As many of us know, if we exercise too hard we feel lactic acid build up. From this we feel our muscles cramp, we become stiff and fatigued, particularly the next day. This is down to a pH imbalance. Most basic magnotherapy (therapy using magnets) has a lot in common with massage, but without the pressure. It is said to increase blood flow and assist in the removal of toxins due to this increased movement, assisting in a quick recovery.
With this in mind it is easy to see how, with the use of magnotherapy, the chances of injury are dramatically reduced if muscles, joints, circulation and ligaments are all warmed up gradually prior to use. Similarly, soothing and supporting these areas where we can after exercise prevents the onset of stiffness and aids the speed of repair should the muscles have been overexerted.
Many event riders apply different methods of magnotherapy after competition while the horses are in the horsebox on the way home. Magnetic rugs, magnetic boots and head collars are all very effective in helping the horse come off the box less stiff.
Thermography is a method used to measure tendon temperatures. Tests have been done to measure tendon temperatures in horses wearing magnotherapy boots. These studies* showed that after a 12 hour period there was no significant difference in leg temperatures between that of the limb wearing the boot and the control limb without the boot. After 24 hours however the results were definitive. There was an overall increase of 2 degrees C in the limb having worn the magnetic boot, compared to that of the control limb. Even after the boot was removed the temperature continued to stay 1 degree C higher in the treated limb 1 hour later.
After successful human studies showing that the use of magnotherapy benefited delayed union fractures, it is suggested that horses with arthritis would also benefit from the use of magnotherapy. The use of pulsed electromagnetic therapy in particular has been shown to greatly reduce healing time in non-union fractures. This principle can be applied to horses with arthritis. Pulsed electromagnotherapy is not only effective on bony tissues; it is believed by many physiotherapists that the pulses can penetrate soft tissue. This can prove very beneficial when injury has occurred deep into horses muscles, or in areas where manipulation it too painful. It is advised that pulsed magnets be used by trained therapists.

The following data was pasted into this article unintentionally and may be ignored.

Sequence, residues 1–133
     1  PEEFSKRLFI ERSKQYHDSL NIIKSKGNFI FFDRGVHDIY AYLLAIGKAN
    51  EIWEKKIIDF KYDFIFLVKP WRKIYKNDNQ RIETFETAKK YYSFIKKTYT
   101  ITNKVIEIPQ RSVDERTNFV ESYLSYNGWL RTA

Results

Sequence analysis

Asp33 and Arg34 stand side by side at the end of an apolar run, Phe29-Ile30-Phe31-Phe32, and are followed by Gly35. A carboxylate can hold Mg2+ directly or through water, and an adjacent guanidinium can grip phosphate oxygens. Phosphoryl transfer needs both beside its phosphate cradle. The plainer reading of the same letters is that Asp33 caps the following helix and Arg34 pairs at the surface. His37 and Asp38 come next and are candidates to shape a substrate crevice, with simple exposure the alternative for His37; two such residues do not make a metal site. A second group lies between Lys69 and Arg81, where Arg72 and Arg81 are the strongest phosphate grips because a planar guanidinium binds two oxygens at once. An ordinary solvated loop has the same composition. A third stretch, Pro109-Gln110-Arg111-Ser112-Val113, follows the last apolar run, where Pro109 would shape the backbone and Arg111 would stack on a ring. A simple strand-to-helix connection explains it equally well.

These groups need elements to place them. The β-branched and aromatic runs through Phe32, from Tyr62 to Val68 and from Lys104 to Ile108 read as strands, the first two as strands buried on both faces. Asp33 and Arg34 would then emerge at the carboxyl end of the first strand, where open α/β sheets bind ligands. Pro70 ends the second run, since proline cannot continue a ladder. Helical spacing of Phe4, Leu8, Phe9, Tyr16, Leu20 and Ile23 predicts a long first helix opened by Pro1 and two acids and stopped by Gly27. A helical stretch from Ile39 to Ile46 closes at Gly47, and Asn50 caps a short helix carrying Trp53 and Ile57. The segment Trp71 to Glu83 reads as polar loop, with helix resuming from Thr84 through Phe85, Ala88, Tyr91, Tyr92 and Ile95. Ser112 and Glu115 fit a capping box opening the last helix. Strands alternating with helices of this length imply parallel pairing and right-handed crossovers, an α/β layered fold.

As mentioned magnotherapy, like massage stimulates blood flow, bringing with it oxygen rich blood that aids healing. Along with this nutrient-rich blood comes drug-free pain relief. This becomes all the more important the further we get in competing, where illegal drugs are disallowed. The magnets are used to target acupuncture points, benefiting the horse by providing healing and pain relief without the use of needles.
In addition to this form of therapy, it is important to protect horses with the right equestrian clothing, which can be found at places such as Anything Equine.
There are many people that believe magnets as a therapy method to be gimmicky, however while definitive evidence is still being accumulated there are many experts that will admit that there is very little harm that magnotherapy can do, even when it may not provide any actual benefit. There are only a few situations in which magnets should not be used.
They should be avoided on untreated infection sites, on open wounds, while exercising if you horse has a pin/plate in the area, within this first 48 hours after an injury, on horses diagnosed with cancer or prior to obtaining a diagnosis from a vet.
*study performed at the Therapy Centre at Hartpury College.